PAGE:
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Discussion Starter · #1 ·
In Nature Aquarium World, Amano presents three basic layouts for the would be aquascaper: triangular (or triadic), mound, and concave (u-shaped). In this week's topic, we will discuss these three basic layouts and how we apply them to our own tanks.

Triadic (triangular):

A basic triangular layout is composed of two triangles -- one is open space
and the other includes the plants, wood, or rocks. Plants start high in
one corner and gradually become shorter and shorter until they seem
to fade into the horizon of the aquarium.

Tip: Play with the amount of plans/hardscaping space to that of open space until you are comfortable with the appearance of the tank.

Mound (convex):

Plants are arranged a little off center, creating a sort of hill which is
surrounded by low growing plants such as Glossostigma and Eleocharis
acicularis. In this example, the stark, bare branches sticking out of the
mound and the schooling fish create a very dynamic, energetic layout.

Concave (u-shaped):

In this layout, driftwood, rocks and plants are arranged on both sides of
the tank, leaving the area near the center (never in the center) open.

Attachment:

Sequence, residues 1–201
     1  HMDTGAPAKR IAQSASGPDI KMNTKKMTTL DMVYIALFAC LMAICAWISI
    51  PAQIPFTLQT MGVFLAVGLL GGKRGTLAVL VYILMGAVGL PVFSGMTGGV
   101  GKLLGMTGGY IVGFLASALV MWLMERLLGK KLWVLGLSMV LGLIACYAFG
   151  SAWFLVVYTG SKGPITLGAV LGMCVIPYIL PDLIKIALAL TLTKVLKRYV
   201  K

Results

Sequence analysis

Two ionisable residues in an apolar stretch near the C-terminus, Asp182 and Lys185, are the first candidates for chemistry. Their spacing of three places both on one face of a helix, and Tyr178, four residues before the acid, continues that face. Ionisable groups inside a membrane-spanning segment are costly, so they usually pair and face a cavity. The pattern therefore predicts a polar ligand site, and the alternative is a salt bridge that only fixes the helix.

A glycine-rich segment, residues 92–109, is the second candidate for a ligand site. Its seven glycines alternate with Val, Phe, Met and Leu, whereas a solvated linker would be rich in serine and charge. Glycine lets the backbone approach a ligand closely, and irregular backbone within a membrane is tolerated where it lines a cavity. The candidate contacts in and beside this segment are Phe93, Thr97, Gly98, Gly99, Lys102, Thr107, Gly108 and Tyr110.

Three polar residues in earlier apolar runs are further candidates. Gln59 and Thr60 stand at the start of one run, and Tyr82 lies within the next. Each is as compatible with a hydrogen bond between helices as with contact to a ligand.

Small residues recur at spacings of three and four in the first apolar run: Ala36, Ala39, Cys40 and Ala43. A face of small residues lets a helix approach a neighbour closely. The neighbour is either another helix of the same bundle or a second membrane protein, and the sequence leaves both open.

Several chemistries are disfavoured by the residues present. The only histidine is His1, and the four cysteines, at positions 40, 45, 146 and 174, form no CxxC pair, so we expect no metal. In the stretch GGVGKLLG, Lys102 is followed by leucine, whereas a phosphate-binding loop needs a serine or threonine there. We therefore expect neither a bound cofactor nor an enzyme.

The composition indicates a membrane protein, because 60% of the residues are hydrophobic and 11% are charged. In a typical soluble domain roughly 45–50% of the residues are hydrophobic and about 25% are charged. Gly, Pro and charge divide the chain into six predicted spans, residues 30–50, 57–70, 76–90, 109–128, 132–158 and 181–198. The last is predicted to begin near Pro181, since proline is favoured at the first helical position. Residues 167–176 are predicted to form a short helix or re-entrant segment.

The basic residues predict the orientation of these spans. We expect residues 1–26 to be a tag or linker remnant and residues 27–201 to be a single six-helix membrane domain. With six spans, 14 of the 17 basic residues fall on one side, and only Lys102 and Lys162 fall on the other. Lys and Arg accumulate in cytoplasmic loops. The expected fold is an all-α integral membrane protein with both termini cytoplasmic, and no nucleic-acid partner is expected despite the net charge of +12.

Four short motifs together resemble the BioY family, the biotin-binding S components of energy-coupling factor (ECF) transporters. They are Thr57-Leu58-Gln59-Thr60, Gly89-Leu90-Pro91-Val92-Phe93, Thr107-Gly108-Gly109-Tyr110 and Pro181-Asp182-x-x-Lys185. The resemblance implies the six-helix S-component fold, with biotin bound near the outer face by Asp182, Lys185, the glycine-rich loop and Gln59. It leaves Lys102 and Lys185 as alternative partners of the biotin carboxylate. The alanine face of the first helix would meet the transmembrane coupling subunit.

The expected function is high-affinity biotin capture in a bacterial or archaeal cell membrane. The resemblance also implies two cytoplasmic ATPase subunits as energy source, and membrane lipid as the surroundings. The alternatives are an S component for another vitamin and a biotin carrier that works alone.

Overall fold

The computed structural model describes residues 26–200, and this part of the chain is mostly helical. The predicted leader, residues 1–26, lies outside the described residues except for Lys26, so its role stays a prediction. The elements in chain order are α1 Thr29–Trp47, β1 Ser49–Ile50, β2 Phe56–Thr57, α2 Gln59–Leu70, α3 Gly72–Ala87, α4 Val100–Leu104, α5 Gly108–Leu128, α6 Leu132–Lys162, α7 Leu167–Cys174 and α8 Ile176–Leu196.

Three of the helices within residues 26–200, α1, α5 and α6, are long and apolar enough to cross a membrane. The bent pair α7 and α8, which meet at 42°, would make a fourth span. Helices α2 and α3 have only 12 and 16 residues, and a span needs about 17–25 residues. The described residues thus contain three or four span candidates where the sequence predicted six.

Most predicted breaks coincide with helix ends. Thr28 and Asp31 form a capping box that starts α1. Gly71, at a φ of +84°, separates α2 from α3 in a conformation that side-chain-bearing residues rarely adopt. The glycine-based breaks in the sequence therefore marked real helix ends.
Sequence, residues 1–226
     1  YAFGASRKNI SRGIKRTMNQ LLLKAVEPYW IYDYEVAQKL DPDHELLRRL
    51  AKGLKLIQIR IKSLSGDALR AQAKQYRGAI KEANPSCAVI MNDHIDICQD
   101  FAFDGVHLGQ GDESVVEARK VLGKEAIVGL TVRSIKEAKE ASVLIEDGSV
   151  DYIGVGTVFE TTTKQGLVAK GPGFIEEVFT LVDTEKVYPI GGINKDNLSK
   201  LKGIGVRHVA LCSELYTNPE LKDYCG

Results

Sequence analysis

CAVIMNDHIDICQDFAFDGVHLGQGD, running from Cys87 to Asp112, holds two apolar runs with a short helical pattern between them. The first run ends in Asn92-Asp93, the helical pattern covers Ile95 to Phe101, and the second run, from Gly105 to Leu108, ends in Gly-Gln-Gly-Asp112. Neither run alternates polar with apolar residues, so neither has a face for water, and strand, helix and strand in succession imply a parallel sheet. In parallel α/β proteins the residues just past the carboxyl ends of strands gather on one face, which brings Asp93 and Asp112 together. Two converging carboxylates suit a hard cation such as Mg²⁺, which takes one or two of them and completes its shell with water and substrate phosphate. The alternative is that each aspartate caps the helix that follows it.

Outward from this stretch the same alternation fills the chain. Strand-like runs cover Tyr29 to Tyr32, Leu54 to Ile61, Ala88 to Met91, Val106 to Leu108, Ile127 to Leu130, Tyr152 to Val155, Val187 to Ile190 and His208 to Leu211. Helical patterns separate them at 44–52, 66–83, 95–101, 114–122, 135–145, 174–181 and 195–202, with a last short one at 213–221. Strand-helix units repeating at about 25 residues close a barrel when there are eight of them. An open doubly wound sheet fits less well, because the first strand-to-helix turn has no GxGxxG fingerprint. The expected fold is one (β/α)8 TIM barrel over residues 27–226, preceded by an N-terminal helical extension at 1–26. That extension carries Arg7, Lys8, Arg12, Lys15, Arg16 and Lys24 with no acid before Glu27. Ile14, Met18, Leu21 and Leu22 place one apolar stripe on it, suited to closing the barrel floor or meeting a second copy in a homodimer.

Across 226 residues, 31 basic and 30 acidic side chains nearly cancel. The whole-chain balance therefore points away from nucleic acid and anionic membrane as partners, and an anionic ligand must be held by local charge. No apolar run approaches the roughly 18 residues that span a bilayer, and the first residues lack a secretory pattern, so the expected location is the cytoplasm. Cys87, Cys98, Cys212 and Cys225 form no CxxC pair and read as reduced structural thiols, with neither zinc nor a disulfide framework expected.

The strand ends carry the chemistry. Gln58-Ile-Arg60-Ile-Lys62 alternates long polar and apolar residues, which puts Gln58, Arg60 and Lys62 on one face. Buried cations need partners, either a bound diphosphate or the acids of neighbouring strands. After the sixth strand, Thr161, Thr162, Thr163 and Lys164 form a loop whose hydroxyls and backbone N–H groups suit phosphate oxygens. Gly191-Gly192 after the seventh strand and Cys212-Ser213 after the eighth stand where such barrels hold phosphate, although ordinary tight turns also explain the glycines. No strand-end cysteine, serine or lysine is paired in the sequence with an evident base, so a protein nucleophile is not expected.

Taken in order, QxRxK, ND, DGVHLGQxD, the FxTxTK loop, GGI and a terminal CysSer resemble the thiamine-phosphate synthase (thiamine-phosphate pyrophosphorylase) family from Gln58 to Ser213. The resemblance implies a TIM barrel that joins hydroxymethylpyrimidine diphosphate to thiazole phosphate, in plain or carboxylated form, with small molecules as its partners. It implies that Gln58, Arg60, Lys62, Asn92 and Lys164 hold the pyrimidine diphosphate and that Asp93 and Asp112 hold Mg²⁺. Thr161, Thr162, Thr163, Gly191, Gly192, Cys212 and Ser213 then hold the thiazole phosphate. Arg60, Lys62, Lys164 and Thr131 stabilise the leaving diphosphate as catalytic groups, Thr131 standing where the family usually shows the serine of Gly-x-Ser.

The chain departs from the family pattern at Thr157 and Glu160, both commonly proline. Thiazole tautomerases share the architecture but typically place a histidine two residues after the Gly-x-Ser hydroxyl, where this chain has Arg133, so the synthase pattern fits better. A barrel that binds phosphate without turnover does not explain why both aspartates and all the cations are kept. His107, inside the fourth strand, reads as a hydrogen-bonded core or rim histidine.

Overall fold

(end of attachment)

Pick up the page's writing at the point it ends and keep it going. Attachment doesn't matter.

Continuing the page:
The groupings on both sides of the tank should never be the same
size so that the aquarium does not appear too symmetrical. Generally,
the groupings are sized at a ratio of 2:1, 3:1, or 1:1.618. So one side
should be at least one and a half times larger than the other (eye ball it!).

Phew. So does anyone here layout their tanks according to the rules of
one of the three basic layouts? Are there more ways of aquascaping
these tanks than just the aforementioned three? Examples?


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Wow! Where did those pictures come from? Very interesting post! I would like to learn more about aquascaping. Do you have any book recommendations? My plants are just stuck in the tank where I thought they might look good, with no thought to the overall artistic layout. These pictures get me thinking!

· Registered
1,717 Posts
Discussion Starter · #3 ·
They came from Those tanks belong to the
famous Japanese aquarist Takashi Amano. Here is a good link
with some of the basics on Nature Aquarium style aquascaping:

For inspiration, click 'View Entries'....

Some good aquascaping books that are currently available in this

Nature Aquarium World I
Nature Aquarium World II
Nature Aquarium World III
Aquarium Plant Paradise

...all by Takashi Amano.


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119 Posts
Are there any other good books? I have kinda a convex plan, but merely by accident, vals at on end and wisteria at the other. I wish my tank looked like those ones, maybe one day. Right now, I'm still happy if my plants don't die.
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